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Swimming With a Shark Named Perot : Political legitimizing of the Texan could doom GOP in 1996.

June 20, 1993|MORTON M. KONDRACKE | Morton M. Kondracke publishes Roll Call, a Capitol Hill newsletter

Finally, a few mainstream politicians are taking on Ross Perot. Rep. Robert T. Matsui (D-Sacramento) accused the little dictator of "demagoging" against the North American Free Trade Agreement. Former Education Secretary William Bennett warned Republicans that by "pandering" to Perot, they were creating a monster that might overwhelm them. Bennett said House Republicans who met with Perot recently were conferring legitimacy on him as the "chosen alternative" to President Clinton.

"We could end up making him so big, he'll overshadow us," Bennett warned. "We've got to stop piggybacking on his criticisms of Clinton and develop alternatives of our own."

Perot, he said, "doesn't stand for things most Republicans believe in. He's not a conservative." As evidence of this, Bennett cited Perot's support for abortion rights and higher taxes and his opposition to free trade and interventionism abroad.

About 60 members attended a two-hour forum on NAFTA with Perot on June 10, sponsored by the House Republican Research Committee. Many posed for pictures with him, and several cheered him for attacking Clinton's economic program. Rep. Robert K. Dornan (R-Garden Grove) urged Perot to expand his attacks to include character issues.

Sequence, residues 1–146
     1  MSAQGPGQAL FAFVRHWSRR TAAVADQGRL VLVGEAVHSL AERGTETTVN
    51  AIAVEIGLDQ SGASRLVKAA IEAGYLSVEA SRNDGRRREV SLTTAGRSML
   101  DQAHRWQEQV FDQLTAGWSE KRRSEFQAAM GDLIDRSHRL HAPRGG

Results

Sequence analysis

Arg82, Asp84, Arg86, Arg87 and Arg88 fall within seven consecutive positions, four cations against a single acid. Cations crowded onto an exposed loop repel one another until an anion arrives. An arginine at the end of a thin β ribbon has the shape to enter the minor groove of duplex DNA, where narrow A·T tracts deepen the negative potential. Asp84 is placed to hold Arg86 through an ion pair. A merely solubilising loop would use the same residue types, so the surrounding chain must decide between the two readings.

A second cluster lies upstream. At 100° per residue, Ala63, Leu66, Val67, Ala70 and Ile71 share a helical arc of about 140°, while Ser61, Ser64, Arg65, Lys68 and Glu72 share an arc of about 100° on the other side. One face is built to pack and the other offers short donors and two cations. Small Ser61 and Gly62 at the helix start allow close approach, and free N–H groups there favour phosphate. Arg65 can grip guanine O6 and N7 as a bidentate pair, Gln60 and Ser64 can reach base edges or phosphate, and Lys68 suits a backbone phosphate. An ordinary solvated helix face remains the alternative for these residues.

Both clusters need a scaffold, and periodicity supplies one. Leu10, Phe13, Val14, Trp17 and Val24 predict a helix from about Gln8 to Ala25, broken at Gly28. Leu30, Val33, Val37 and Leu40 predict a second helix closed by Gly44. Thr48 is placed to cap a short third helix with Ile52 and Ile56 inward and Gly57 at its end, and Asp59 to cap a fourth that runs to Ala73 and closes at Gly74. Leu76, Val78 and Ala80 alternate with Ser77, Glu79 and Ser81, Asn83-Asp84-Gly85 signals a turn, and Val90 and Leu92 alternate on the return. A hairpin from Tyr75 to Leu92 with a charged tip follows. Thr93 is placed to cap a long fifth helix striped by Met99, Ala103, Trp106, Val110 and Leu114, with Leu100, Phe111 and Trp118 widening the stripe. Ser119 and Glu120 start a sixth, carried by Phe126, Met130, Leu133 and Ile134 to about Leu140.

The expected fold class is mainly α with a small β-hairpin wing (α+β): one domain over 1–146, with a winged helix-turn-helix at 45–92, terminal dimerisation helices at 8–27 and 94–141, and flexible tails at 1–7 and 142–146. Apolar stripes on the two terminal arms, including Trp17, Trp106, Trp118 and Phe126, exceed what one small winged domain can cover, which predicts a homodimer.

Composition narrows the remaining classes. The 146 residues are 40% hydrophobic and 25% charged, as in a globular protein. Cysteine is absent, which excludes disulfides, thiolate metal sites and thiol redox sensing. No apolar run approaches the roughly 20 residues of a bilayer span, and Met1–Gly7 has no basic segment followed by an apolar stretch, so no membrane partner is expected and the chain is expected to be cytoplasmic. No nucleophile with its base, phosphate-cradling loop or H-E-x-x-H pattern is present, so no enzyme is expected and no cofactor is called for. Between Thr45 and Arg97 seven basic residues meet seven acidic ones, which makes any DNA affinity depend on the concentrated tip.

Afterward, several GOP members appeared with Perot at an anti-NAFTA press conference during which Perot also endorsed Republican complaints about overly restrictive House rules imposed by the Democratic majority.

Those crowding around Perot at the press conference included Duncan Hunter (R-Coronado), chairman of the research committee; Gerald B.F. Solomon (N.Y.), the ranking Republican on the House Rules Committee; and Reps. Toby Roth (Wis.), Helen Delich Bentley (Md.) and Terry Everett (Ala.).

NAFTA supporters held a separate press conference at which Matsui made the demagoguery charge about Perot's assertion that the United States might lose hundreds of thousands of jobs to Mexico when evidence suggests that NAFTA would be a job-gainer for Americans.

So far, only two House Republicans, Texas' Joe Barton and Northern California's John T. Doolittle, have actually joined Perot's organization, United We Stand America. But Solomon and Hunter both said they would welcome Perot running for President as a Republican, even though they would not necessarily support him.

Solomon said Perot "is a viable candidate. We have a lot of them, including (Sen.) Bob Dole and (former Defense Secretary) Dick Cheney, but Ross Perot could carry the banner of the Republican Party."

Perot, Hunter said, "has helped to give Republicans credibility by beating up on Clinton. He's given us back the fiscal responsibility issue" and put "a lot of third-party pressure" behind Republican critiques of the Administration.

It's just this strategy that Bennett countered: "It's not clever. It's flawed," he said. "By horsing around with Perot, we legitimize him, and it may be hard to delegitimize him. Instead of being the second force in American politics, we could be third."

Bennett's and Matsui's blasts at Perot are welcome, but a lot of other politicians need to join in. Last year, Perot went so far as to accuse President Bush of using "dirty tricks" to harass Perot's family. This year, Perot has accused Clinton of plotting to intervene militarily abroad in order to divert attention from domestic problems.

It has been left to the press, by and large, to scream about this and to uncover the fact that Perot's organization is run top-down by its authoritarian leader, not bottom-up by the "volunteers," as he pretends.

The surge in Perot's popularity ratings has mercifully been arrested, but it's time that other politicians came out from hiding to expose Perot for the menace that he is.

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